Last week, Chief Rabbi of Israel Yitzhak Yosef called for the Jews of Ukraine to immigrate to Israel in the face of the escalating security threat from Russia. Rabbi Yosef addressed the published letter: “To our dear and beloved Jewish brethren… especially in Ukraine.” He went on to say: “At times when the voices of war are heard… it is the sacred duty of every Jew… to hasten his journey to the Holy Land.”
On the surface, what could be more moving and authentic than an appeal by the chief rabbi of Israel for Jews in distress to make aliyah? In reality, this is a show of hypocrisy and cynicism. When Jews are in Ukraine, they’re encouraged to immigrate here. They’re guaranteed a warm welcome.
Yet, the same chief rabbi has lashed out at those very same Jews: “They’re hostile to religion, haters of religion. They’re not Jews at all, [they’re] goyim. Then they vote for parties that incite against the haredim and against religion.” He was speaking at a gathering of rabbis in early January 2020, as reported in the media at the time.
The haredi Knesset members take the same line. For example, MK Yitzhak Cohen (Shas) derided an MK who immigrated from Russia: “You’re still a new oleh with a thick Russian accent. You come from a culture that taught you antisemitism.” MK Moshe Gafni (United Torah Judaism) called MK Yulia Malinovsky (Yisrael Beytenu) antisemitic.
There are many more examples.
Even if the immigrants from Ukraine are recognized as Jews according to halacha (Jewish law), in the eyes of the Chief Rabbinate they aren’t Jewish until proven otherwise and a rocky road awaits them. In Israel, the only one way to get married is through the offices of the rabbinate. When these olim want to marry, like hundreds of thousands of other immigrants already living here, they can expect a torturous procedure of verifying their Jewishness. The process includes exhaustive probing and demands for proof, even when it’s clear as day that they are Jews.
For those who aren’t Jewish according to halacha and wish to convert, the journey is twice as difficult. The state conversion system, which operates under the supervision of the chief rabbi, often takes the strictest approach to conversion. As a result, the number of converts among CIS immigrants is very low, about 1,500 per year. Due to the system’s demands, only 20% of olim who begin conversion studies complete them, while those who stay the course endure humiliating treatment.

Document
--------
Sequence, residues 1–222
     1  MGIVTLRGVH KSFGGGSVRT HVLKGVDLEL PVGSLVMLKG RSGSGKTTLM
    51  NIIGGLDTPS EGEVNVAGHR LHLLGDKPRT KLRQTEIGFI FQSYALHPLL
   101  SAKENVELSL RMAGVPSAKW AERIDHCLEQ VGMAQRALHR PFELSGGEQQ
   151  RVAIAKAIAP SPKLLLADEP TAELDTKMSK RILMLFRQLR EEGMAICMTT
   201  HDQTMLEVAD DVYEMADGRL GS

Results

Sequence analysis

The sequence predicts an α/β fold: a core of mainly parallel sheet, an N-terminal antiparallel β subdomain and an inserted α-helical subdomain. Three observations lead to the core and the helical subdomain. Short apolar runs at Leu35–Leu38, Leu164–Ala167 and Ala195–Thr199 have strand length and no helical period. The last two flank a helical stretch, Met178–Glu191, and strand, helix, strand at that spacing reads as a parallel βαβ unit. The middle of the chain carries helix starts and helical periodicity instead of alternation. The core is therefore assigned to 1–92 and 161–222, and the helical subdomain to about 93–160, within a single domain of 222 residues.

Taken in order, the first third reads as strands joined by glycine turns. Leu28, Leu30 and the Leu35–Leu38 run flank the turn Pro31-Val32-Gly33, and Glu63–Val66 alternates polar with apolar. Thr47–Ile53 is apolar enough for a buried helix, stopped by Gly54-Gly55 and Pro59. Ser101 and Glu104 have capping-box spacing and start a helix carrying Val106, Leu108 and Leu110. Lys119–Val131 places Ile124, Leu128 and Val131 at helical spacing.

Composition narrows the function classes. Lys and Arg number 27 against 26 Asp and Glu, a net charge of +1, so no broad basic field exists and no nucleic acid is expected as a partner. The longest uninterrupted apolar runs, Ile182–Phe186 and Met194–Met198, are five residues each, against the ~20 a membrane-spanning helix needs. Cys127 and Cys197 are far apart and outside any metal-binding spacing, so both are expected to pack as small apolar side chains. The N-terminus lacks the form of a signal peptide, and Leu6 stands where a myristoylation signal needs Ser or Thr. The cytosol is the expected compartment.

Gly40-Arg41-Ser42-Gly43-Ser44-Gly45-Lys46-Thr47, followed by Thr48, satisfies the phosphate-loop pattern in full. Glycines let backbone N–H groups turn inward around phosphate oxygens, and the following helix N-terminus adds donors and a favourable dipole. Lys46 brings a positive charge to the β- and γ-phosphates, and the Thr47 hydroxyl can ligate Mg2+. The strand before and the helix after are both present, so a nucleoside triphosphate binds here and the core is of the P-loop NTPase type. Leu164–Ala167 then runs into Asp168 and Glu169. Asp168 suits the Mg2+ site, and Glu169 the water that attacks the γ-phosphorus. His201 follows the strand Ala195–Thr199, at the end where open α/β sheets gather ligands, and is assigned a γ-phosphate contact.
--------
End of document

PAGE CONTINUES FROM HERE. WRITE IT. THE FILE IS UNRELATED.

They are constantly in danger of non-recognition or having their conversions canceled. Moreover, they are regarded as safek yehudim (questionable Jews) by the haredi rabbis, including the chief rabbi, if they are not converted by haredi rabbinical judges.
Even in death, the hardships faced by the new immigrants do not end. Even if they lived as Jews in their own eyes, doubt can be cast on their Jewishness when their families try to bury them. If they aren’t recognized as Jews, the path to a burial plot will be that much harder in the scarcity of appropriate civil burial options in Israel.
Ukraine and other Commonwealth of Independent States countries are home to many Jews who could immigrate to Israel; the fear of war may hasten them to do so. If Yosef, the Sephardi chief rabbi of Israel, like his Ashkenazi counterpart, Rabbi David Lau, and the Chief Rabbinate as a whole, really and truly want Jews to make aliyah, then letters are not enough. They must drastically change their attitude toward these Jews and their Jewish heritage and traditions.
They must receive them with an embrace and not with endless skepticism, and they must reach out to those who choose to convert with a welcoming conversion procedure, such as the one proposed by the Reform, promoted by Minister of Religious Services Matan Kahana. Without these things, Rabbi Yosef’s letter amounts, at best, to empty words.
The writer is vice president of the Jewish People Policy Institute and a lecturer of law at the Peres Academic Center.